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Thursday, March 1, 2012

Why is the Sky Blue?

Why is the sky blue? It’s a simple question, but it has messed me up for years. I have heard so many explanations; light passing through water molecules, light reflecting off of nitrogen or oxygen or something. I have finally found out the correct explanation, and I now realize that I was approaching the question from the wrong angle. I had always assumed that it was a particular particle in the atmosphere that caused the effect. Instead, blue sky is caused by the frequency of the blue part of the spectrum of light. The resonance frequency of blue light causes the light waves to deflect off of everything in the atmosphere; oxygen, nitrogen, dust, pollution, and scatters the light waves in every direction causing the blue sky effect. And so it was the direction of my thinking that caused me to look at this problem in the wrong way. Instead of coming at the problem by looking at particles, I needed to look at the frequency of light waves.
In the same way, many people are not looking at the assumed problems between science and religion from the correct direction. Most of us assume that science and religion can come together with some kind of shared experience. In the world of science, shared experience is through experimentation that can be duplicated by other scientists. Several friends are going to help me make a telescope mirror. If I don’t mess things up, the mirror should turn out the same as the mirrors that they have made. Thus science is experiential; we can all experience the same things. If the formula or experiment works once, then anyone can repeat it and it should work every time.
Religion is experiential as well, but in a completely different way. Jesus said; “The Kingdom of God is within you” Luke 17:21. People of faith experience God’s presence. God talks with me and I talk to Him. There is no other way to explain it. And therefore, experiencing God in a real and personal way is at the core of religion. People of faith can verbally share their experiences with God, but no one can duplicate an individual’s personal spiritual relationship. There are no formulas or experiments that can be performed over and over. And so though both science and religion are experiential, they are profoundly different.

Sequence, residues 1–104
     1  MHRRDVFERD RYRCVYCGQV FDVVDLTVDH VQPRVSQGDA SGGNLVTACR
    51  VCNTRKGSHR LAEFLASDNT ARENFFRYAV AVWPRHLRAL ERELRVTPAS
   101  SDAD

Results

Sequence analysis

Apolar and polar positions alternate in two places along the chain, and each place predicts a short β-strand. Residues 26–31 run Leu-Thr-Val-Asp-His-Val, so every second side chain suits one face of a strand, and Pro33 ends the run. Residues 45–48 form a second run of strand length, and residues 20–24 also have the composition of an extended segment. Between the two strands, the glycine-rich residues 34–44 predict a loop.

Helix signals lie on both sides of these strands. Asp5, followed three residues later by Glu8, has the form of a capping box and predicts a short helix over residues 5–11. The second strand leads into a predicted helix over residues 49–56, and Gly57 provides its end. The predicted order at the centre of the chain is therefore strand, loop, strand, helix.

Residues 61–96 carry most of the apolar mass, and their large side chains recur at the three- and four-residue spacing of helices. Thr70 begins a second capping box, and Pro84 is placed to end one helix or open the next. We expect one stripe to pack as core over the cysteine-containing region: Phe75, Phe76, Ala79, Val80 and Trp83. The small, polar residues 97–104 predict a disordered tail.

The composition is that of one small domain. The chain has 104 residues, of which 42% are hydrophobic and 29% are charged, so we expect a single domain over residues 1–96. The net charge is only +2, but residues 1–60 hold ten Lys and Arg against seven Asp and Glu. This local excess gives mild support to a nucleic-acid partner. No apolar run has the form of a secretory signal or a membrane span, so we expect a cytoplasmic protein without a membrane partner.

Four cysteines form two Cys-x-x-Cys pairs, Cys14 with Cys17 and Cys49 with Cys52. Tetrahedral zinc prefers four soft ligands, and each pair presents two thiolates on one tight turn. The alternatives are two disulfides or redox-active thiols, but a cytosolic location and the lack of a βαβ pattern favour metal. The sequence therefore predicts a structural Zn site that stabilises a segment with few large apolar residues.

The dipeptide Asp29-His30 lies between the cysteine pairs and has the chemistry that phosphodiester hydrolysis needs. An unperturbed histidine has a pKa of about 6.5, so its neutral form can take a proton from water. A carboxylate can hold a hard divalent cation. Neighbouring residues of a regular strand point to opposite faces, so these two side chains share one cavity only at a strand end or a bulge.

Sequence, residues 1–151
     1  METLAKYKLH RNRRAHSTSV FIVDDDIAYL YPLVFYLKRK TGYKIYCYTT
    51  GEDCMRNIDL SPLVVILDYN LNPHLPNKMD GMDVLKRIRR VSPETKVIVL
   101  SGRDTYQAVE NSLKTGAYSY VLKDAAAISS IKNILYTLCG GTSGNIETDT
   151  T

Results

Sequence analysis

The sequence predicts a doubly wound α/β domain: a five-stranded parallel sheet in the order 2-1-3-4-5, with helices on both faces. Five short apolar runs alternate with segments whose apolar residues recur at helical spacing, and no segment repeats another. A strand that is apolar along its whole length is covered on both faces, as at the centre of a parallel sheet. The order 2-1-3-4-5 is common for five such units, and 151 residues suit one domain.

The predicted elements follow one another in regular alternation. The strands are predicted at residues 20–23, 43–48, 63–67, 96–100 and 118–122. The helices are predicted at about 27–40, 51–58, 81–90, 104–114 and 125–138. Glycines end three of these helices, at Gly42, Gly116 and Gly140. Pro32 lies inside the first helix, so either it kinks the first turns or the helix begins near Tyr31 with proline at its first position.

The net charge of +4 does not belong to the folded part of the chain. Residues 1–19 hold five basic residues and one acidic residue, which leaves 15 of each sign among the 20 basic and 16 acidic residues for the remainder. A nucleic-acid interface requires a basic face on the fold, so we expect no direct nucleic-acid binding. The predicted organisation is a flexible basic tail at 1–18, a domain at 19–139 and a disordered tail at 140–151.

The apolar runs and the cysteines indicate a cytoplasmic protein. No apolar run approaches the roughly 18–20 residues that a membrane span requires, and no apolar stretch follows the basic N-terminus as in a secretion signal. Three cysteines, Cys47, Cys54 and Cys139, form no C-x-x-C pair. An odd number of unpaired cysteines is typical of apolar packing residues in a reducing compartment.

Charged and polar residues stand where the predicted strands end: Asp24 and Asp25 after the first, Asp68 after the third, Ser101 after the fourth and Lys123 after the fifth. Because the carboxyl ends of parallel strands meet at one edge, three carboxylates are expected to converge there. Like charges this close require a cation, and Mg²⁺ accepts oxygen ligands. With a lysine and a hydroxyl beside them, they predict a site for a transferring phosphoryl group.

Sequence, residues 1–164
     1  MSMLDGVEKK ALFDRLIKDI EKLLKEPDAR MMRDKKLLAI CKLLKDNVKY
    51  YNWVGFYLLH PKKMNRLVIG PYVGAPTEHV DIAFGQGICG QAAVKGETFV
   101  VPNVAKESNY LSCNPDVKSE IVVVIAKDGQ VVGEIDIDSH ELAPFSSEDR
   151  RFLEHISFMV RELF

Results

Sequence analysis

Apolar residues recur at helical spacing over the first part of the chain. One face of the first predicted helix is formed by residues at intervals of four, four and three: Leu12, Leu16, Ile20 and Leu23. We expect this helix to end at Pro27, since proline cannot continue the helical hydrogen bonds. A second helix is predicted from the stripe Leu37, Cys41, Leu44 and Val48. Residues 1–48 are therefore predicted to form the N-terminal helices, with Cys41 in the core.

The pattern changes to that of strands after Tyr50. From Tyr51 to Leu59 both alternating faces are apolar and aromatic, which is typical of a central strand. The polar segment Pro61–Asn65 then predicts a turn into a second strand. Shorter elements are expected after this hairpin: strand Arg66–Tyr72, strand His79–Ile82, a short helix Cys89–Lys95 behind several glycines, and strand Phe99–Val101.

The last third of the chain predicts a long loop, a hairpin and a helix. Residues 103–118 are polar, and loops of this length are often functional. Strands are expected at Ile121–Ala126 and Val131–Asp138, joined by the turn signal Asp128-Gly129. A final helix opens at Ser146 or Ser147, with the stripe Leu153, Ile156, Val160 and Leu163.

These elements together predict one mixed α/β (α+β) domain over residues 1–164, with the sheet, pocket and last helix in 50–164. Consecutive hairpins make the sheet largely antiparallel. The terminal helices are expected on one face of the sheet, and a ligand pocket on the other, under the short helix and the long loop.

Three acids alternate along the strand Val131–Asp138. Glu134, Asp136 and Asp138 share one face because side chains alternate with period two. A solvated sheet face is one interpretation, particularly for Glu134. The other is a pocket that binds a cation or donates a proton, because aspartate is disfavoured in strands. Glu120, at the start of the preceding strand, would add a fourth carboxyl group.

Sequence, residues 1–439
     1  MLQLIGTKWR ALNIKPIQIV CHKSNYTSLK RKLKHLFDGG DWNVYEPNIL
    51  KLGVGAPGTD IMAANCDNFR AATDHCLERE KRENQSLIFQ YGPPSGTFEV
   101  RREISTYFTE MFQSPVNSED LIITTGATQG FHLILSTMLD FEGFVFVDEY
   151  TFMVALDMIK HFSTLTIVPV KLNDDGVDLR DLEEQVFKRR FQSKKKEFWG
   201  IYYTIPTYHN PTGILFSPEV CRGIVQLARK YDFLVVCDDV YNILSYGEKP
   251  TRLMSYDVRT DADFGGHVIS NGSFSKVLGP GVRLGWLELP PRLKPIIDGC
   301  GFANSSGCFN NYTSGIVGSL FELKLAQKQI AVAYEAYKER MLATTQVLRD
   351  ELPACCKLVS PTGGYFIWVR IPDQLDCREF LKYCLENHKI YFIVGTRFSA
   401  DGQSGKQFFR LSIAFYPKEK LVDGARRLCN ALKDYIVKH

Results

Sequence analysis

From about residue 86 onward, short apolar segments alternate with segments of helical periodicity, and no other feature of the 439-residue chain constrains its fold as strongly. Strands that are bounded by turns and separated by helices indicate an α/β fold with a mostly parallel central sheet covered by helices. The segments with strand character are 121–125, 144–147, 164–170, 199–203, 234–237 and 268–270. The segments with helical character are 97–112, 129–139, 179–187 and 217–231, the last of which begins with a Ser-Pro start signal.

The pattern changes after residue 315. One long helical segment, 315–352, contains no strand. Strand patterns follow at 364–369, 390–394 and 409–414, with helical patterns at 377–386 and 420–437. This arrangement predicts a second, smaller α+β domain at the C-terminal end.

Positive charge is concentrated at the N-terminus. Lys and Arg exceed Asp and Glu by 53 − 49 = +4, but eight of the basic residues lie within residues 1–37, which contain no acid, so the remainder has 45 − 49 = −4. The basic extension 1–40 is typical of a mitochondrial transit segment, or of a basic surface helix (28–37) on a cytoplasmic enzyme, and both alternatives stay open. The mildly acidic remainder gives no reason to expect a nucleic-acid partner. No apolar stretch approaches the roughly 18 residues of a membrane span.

Scientists and religionists are trying to understand one another through dialogue. But most of the current dialogue approaches the subject from the wrong direction. Too often religionists are trying to create a proof of religious experience. They try to create an argument or some kind of model that will sway the audience to their side. Since there are no experiments or formulas that can be repeated by others, these attempts to prove religious experience fail. Scientists also fail to win over the religious audience. That is because they argue for proof through shared experience, like experiments. But no one can experience God in the unique and personal way that each person of faith does. I know that God is with me right now. I can’t prove it, but I don’t have to.
Both sides of the debate need to approach science and religion from the correct angles. Science is based upon shared experience. Religion is based upon personal experience. It’s as simple as understanding why the sky is blue.
God bless you,
Pastor Bill

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